Obama speaks here to racial dynamics, without questioning whether or not he is black enough. He testifies to the powerful impact of the image on not only public perception but on the cultural imaginary, a society's horizon of limits and possibilities. And yet, as Hannah-Jones outlined above, his platforms are not concentrated on the situation of African American citizens. Some of his supporters perceive this as a positive sign. Patricia Wilson-Smith is the creator of the website blackwomenforobama.org and she writes: The reason we've never been close to running that truly feasible black candidate is because we've never had one who was interested in governing the entire nation, and not just championing the cause of blacks.

 
Gary Kamiya writes that in the U.S. today, race is being challenged as an organizing category. From the decade of the Rodney King riots, to a quick amnesia about the inequities exposed by Hurricane Katrina, Kamiya suggests that today Blacks reject racial solidarity (Is race dying? Chicago Sun-Times, December 2, 2007). Kamiya highlights the peculiar moment with respect to Obama's bid for presidential election, writing,

The white reaction to Barack Obama shows that the old I'm guilty, you're innocent, everyone-bow-and-return-to-their-corner two-step is no longer useful. Obama's race is still a factor, of course, but it is far less of one than anyone could have imagined even 10 years ago. Many whites are not just ready but eager to embrace a black man who has opted out of that worn-out racial dance. Yet the crisis of the black underclass rages on, and America seems less interested than ever in tackling it. And until that crisis is addressed, it will continue to cast a shadow over all black-white relations.

 
For some, the choice between a Caucasian woman and an African American man for the Democrat ticket will come down not to questions of affinity, identification or the spirit of a particularized transformation. Rather, it will be based on practicality, that most stereotypical of so-called American values:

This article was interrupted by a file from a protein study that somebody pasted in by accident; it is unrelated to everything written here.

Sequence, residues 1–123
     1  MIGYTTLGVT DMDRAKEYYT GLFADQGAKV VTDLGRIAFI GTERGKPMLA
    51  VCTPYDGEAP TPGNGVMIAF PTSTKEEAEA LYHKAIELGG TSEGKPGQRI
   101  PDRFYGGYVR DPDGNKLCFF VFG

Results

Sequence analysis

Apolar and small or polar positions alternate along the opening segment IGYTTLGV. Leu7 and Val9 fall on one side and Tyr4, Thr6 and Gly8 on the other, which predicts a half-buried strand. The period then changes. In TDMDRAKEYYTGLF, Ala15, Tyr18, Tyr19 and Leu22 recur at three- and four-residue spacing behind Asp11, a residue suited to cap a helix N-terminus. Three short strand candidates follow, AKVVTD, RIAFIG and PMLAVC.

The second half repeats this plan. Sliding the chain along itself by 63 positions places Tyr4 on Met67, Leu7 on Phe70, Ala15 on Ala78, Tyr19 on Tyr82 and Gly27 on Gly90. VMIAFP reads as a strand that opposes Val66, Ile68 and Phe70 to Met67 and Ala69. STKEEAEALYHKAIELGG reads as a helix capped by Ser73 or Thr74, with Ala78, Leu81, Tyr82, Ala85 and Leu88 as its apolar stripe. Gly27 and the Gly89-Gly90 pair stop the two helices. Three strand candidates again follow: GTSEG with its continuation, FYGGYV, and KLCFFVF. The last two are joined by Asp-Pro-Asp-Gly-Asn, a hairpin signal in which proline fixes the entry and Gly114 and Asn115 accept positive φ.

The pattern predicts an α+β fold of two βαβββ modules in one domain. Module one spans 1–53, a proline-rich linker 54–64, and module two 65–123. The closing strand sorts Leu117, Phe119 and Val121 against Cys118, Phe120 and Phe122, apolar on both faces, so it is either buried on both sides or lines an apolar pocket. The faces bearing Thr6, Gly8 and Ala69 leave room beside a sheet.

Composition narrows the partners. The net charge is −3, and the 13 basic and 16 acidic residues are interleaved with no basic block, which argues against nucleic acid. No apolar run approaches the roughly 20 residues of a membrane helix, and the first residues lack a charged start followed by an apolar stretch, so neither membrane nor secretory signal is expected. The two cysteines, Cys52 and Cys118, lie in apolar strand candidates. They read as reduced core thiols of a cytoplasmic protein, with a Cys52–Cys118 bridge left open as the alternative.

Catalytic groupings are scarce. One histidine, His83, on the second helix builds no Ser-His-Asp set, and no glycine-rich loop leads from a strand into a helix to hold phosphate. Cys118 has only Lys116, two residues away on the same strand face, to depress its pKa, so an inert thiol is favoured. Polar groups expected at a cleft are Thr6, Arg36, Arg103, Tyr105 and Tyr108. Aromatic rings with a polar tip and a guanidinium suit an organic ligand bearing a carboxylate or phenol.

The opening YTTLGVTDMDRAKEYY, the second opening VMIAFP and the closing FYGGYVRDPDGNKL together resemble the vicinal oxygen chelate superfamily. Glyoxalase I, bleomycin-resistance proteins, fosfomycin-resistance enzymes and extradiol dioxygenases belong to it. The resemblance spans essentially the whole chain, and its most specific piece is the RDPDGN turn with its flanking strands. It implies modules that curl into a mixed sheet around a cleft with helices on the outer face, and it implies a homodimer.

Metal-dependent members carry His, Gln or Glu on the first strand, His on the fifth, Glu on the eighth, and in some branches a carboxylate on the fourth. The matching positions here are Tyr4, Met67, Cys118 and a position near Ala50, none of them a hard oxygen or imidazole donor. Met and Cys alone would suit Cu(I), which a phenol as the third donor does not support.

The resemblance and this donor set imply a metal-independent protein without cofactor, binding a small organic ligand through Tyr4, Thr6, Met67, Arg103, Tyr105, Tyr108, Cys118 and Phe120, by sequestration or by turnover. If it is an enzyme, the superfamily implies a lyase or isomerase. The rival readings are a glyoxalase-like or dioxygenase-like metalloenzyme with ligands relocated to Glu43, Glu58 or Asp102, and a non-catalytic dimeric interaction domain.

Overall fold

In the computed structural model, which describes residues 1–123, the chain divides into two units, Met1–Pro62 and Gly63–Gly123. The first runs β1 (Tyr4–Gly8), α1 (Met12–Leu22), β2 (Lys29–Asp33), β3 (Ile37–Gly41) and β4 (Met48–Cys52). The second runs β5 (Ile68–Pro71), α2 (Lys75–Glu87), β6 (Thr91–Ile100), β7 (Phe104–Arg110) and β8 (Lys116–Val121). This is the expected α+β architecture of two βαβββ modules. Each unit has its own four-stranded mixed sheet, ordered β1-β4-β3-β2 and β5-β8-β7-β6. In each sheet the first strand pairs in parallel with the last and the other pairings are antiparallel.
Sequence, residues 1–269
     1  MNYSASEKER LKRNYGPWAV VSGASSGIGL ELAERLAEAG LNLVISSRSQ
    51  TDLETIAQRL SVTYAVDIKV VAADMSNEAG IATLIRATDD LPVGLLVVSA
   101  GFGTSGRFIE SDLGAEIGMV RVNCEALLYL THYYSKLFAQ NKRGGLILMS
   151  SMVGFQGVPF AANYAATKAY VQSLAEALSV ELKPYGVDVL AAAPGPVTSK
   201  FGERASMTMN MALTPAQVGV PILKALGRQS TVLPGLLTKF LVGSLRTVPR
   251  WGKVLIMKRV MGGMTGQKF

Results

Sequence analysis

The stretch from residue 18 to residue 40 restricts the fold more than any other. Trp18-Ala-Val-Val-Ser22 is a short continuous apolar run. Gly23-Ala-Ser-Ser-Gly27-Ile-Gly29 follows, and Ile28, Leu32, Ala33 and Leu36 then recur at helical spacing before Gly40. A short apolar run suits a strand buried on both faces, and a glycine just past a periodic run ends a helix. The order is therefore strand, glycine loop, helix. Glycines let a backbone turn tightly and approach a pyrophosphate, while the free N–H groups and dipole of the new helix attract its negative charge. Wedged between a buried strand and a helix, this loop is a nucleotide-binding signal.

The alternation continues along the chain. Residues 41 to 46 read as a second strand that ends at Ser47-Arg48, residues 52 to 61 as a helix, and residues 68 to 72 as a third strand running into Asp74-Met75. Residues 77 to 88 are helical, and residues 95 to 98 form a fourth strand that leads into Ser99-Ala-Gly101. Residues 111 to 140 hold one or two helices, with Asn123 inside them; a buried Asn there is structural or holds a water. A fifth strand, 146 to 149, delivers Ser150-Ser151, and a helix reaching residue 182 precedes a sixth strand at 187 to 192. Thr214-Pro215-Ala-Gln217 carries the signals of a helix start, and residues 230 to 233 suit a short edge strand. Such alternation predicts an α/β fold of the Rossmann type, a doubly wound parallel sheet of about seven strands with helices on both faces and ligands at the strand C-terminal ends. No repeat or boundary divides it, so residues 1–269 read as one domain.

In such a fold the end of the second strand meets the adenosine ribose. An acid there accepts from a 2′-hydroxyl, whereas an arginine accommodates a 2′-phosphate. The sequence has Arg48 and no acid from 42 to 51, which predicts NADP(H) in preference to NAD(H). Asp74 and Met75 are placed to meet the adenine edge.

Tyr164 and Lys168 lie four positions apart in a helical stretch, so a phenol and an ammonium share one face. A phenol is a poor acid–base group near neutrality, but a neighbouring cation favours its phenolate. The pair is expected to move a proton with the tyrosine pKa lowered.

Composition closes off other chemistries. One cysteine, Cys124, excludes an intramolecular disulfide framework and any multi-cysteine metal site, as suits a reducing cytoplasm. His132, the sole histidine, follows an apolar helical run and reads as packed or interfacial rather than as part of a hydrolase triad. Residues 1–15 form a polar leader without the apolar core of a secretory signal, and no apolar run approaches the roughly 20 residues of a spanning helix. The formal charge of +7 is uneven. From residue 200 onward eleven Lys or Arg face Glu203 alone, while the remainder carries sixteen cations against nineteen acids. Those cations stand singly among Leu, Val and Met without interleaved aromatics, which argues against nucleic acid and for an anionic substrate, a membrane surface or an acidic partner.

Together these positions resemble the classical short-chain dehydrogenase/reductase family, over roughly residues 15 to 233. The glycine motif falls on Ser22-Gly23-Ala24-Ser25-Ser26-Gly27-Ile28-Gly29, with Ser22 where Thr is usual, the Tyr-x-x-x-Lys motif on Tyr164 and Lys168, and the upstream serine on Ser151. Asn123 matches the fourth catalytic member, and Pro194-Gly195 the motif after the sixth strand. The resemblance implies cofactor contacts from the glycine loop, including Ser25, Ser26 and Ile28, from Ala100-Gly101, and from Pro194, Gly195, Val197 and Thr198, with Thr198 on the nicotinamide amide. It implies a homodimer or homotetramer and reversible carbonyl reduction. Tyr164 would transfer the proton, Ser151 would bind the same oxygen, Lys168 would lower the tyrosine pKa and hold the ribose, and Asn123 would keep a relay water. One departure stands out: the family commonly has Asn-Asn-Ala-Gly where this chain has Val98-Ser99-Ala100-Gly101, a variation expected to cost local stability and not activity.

In South Carolina, Obama's skin color has been an unexpected obstacle to winning over African-Americans. Black voters may love Obama, but they don't think white America will ever let a black man win, says the Rev. Charles Bane of New Hope Baptist Church in Columbia, S.C. Just last week, Clinton scored endorsements from dozens of black ministers in the state, where nearly half the likely Democratic primary voters are African-American. Bush's eight years have been tough on us, Bane says. We need relief right now''.
(Samuels, Allison and Richard Wolffe, Newsweek, December 10, 2007)

 

 
As things heat up as the season of primaries and caucuses draws to a close, Obama's message has a new refrain, and one which voters in South Carolina, at least, really seemed to believe in: if some of the candidates' policies are similar, Obama might insist that the politicking is not, and that itself is one of the main differences that counts, that the United States needs. According to Obama, his is not status quo, business as usual, old-hat politics. In his South Carolina victory speech (January 26, 2008), he insists:

there are real differences between the candidates. We are looking for more than just a change of party in the White House. We're looking to fundamentally change the status quo in Washington - a status quo that extends beyond any particular party. And right now, that status quo is fighting back with everything it's got; with the same old tactics that divide and distract us from solving the problems people face, whether those problems are health care they can't afford or a mortgage they cannot pay.

 
Clinton, however, might balk at any suggestion of being grouped with the status quo:

I think it's imperative that this election be about the real concerns of the American people. As Nancy said, some people think politics is a game. It's exciting; you can have rallies like this. We have so many people outside and we are moving them into an overflow room and that's really a great way of demonstrating involvement and participation. But at the end, it's about are people better off when we stopped than when we started. Does some child who didn't have health care before have it now? Does some hard working man, who has given his all to his job and has seen it moved offshore, feel like he has any hope left? Some working woman who gets up at the crack of dawn and works as hard as she can, ever get equal pay for equal work? These are the kinds of concerns and issues that I care about.
(http://www.hillaryclinton.com/news/speech/view/?id=5547)

 
For the moment, we'll have to wait for Super Tuesday to see just how Democrat supporters will respond.



January 2008
John McCain

Sur laviedesidees.fr, "John McCain, l'itinéraire sinueux d'un partriote", un article de Sylvie Laurent, Maître de conférence à Sciences-Po Paris

On the web

Find out more about the American elections on the New York Times website:
The New York Times election guide
Video: Inside a Caucus
 
 
mise à jour le 21 mai 2008
Créé le 29 janvier 2008
ISSN 2107-7029
DGESCO Clé des Langues